I’ve been trying to tune up some of my telescopes for the upcoming Mars event. In late August, Mars will be closer to the earth than it has been in all of recorded history. While surfing around, I noticed that there was a Python package called PyEphem
which provided Python bindings for the popular
Xephem program. It’s remarkably easy to deal with, in a few minutes I had a script which computed the apparent size and magnitude of Mars and printed them out. A much longer time was spent trying to understand how to use the gdchart module, but the results turned out the nice charts you see here.
The apparent brightness is in apparent magnitude, where negative numbers are brighter. When Mars is at its closest approach, it will outshine everything in the night sky except the moon. (I wasn’t able
to figure out how to get Python’s gdchart module to display the graph
with the yaxis reversed. I’ll keep at it.
Well, it’s that time again, I’ve got another production credit on another movie.
Pixar is releasing Finding Nemo, starring a young clownfish named Nemo and his dad Marlin. Nemo is captured by divers and put in a fishtank in a dentist’s office, and the movie highlights their parallel adventures to be reunited. I can’t be impartial, but I think it’s a pretty good movie, and it looks beautiful. So get out there, drive our stock price up, and enjoy.
The problem with the web is that sometimes you hit a website that drags you off into a direction completely unrelated to anything you’ve really considered before.
This happened to me most recently when I encountered a site which described
the work of John Logie Baird, a Scottish engineer who designed a television system that transmitted 30 line images and was used in the first public broadcasts by the BBC. Some of these early transmissions have been restored and documented in a rather interesting looking book entitled Restoring Baird’s Image by Don McLean.
Curiously enough, there are still amateurs who are devoted in building replicas of these early mechanical televisions. Some links:
Well, I didn’t try to take any pictures of the lunar eclipse, but I did try to take a picture of the post-full moon using the maximum zoom setting on my Nikon 4500. Exposure was for 1/60 second at f/5.1, and was a simple handheld exposure. The image was cropped from the normal 3.8 megapixel image. Not stellar, but not bad.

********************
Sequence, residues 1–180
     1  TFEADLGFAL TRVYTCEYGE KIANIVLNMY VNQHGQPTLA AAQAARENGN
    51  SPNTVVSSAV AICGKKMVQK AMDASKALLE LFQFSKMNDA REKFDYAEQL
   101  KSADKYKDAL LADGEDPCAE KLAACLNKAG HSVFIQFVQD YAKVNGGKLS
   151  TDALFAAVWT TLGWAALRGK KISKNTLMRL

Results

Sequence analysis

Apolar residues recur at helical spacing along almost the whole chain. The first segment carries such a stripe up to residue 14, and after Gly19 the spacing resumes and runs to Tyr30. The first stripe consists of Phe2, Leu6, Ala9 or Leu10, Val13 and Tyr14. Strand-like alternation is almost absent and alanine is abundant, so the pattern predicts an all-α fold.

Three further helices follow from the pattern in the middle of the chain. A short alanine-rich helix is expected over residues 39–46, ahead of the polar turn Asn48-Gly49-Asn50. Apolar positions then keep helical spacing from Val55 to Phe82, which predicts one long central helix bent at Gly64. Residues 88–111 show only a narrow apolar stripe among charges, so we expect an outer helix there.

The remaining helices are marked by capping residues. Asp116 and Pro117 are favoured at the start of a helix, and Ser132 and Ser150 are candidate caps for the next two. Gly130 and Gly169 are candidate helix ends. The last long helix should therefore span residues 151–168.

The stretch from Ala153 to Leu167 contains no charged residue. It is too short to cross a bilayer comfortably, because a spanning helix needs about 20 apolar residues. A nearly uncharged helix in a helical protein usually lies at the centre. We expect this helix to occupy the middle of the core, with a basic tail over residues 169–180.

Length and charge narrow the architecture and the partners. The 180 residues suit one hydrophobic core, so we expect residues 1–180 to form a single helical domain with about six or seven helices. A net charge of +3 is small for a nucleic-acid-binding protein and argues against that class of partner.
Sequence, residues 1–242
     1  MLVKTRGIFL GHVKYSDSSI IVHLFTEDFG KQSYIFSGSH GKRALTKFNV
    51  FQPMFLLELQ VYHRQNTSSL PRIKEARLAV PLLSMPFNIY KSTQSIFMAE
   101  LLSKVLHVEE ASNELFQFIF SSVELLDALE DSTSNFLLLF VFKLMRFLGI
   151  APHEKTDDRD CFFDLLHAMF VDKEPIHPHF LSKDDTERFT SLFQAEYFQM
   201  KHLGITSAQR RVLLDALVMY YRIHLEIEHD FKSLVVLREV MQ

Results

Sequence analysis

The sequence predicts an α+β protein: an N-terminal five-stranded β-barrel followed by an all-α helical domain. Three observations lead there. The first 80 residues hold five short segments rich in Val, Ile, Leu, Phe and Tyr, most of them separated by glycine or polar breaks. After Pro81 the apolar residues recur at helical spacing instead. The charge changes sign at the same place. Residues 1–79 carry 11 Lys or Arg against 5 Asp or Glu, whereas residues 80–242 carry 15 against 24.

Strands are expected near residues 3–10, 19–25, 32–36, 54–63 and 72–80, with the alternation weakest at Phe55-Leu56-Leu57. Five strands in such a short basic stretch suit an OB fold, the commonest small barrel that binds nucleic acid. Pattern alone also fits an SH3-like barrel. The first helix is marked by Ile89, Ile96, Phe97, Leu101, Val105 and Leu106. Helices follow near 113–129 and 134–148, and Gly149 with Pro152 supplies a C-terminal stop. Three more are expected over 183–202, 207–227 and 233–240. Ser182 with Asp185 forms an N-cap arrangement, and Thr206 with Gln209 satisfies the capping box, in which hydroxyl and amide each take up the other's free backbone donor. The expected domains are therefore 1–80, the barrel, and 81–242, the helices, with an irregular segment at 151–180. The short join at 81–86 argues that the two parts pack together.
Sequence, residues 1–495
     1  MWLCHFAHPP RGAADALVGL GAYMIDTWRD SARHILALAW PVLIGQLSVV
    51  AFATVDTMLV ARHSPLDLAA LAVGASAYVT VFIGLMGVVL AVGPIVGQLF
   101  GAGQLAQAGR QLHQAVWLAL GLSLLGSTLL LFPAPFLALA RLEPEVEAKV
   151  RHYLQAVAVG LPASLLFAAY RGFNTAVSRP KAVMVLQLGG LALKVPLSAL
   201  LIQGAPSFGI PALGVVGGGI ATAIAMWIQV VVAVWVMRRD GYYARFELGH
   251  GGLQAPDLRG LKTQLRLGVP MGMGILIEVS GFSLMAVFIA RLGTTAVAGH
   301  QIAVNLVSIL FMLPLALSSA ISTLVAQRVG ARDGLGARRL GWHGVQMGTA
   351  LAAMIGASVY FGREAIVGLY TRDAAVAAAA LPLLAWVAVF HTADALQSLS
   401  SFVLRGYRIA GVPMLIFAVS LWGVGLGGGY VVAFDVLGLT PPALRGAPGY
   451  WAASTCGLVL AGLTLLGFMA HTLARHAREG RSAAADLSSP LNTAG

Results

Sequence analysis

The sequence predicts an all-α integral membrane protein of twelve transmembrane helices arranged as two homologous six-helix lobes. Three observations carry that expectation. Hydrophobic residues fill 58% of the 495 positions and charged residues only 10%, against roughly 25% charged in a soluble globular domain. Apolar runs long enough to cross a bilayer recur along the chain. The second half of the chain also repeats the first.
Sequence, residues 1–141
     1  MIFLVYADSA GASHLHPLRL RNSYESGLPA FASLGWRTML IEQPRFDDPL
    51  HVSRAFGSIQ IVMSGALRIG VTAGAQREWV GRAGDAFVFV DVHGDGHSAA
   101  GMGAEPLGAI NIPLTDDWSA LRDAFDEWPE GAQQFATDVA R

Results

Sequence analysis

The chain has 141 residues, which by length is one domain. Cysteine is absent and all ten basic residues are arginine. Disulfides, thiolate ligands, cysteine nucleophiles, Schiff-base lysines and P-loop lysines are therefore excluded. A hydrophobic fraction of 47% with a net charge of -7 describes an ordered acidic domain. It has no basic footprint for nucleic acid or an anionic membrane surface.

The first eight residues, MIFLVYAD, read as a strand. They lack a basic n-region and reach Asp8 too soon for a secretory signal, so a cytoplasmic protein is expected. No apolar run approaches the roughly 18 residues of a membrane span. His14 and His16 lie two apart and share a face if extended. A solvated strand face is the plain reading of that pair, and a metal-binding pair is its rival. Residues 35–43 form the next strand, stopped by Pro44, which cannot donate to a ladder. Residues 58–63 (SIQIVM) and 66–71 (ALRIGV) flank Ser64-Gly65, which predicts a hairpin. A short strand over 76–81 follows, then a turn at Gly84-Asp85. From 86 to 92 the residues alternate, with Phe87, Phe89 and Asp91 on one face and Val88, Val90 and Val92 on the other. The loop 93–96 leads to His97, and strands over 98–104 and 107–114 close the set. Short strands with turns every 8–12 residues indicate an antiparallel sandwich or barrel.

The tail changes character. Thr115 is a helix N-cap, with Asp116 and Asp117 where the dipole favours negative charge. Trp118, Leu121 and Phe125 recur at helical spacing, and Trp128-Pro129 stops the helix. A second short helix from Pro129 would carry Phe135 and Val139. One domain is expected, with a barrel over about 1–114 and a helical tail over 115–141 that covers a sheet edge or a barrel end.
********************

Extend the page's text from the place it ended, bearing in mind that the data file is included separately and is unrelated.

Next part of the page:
Digital Photography For What It’s Worth is a great webpage with many terrific hints for the digital photographer, including a rather interesting page on
infrared photography with digital cameras.
I have to admit that I’m a pretty big fan of CSI. Not the crappy new
CSI: Miami, but the original one. It gets Tivo’ed at my house all the time, as well as many CourtTV shows like Forensic Files.
The previous blog entry got me thinking about aquiring fingerprints clandestinely, and I thought about CSI. Often you see them place some fuming substance under a fume hood and it brings out fingerprints. I did a bit of digging, and found out that the fuming substance is cyanoacrylate glue, better known as Superglue. The fumes
interact with the fats and acids in fingerprints, and cling to them, resulting in
a white residue that is both permanent and can be easily photographed.
Using Matsumoto’s technique, one could probably construct fairly accurate forgeries of fingerprints, which is part of the reason why I detest these attempts
If your interested in doing this yourself with minimal equipment, you can check out this link for the rather
Bruce Schneier is the author of Applied Cryptography, the incredibly useful encylopedia of modern cryptographic algorithms. He also publishes the Cryptogram, an electronic
bulletin involving computer security, privacy and cryptography. Today I received the latest issue, which includes an article on fooling biometric fingerprint scanners. Tsutomu Matsumoto tried several techniques to create phony fingers that the fingerprint scanner would accept as real. Nifty!
Addendum: You can click here
for some slides that Matsumoto did detailing his work.
Since Carmen and I both just got new digital cameras, we are taking a lot more photos and Carmen wanted me to create a simple way for her to put her photos on the web and to organize them. I used some of the ideas that I got from writing my primitive
blosxom clone, and create a photo weblog script that I call
phlog. It’s very simple, but will grow in functionality. Try checking out my gallery to see what it is all about.
I love the new Nikon, and have had some fun playing around with it. I used Panorama Factory to stitch together 11 images to construct a view of Pixar that is 16500 pixels wide. Unfortunately, that turned out to be a 77 megabyte TIFF, so I thought I’d just give you the smaller 2048 pixel wide panorama.
CK’s Digital Camera Page has a really nice set of manuals for certain Nikon cameras, including my new Nikon 4500.
I’m planning an anniversary trip to Paris with the missus, and decided that it was time to retire our aging Kodak 210+ camera and buy something new. We decided that we would each buy each other a new camera: I got Carmen a Canon A70, a very nice 3M pixel camera that is both small and easy to use, but also has full manual controls. Carmen got me the spiffy Nikon 4500: a 4M pixel camera with a split rotating design and very cool macro features. I shot about 100 pictures with it, and picked a few as examples. I’m very pleased.
SuperDeluxo4 wgets and curls is a nifty site which logs interesting things that you can do with the command line tools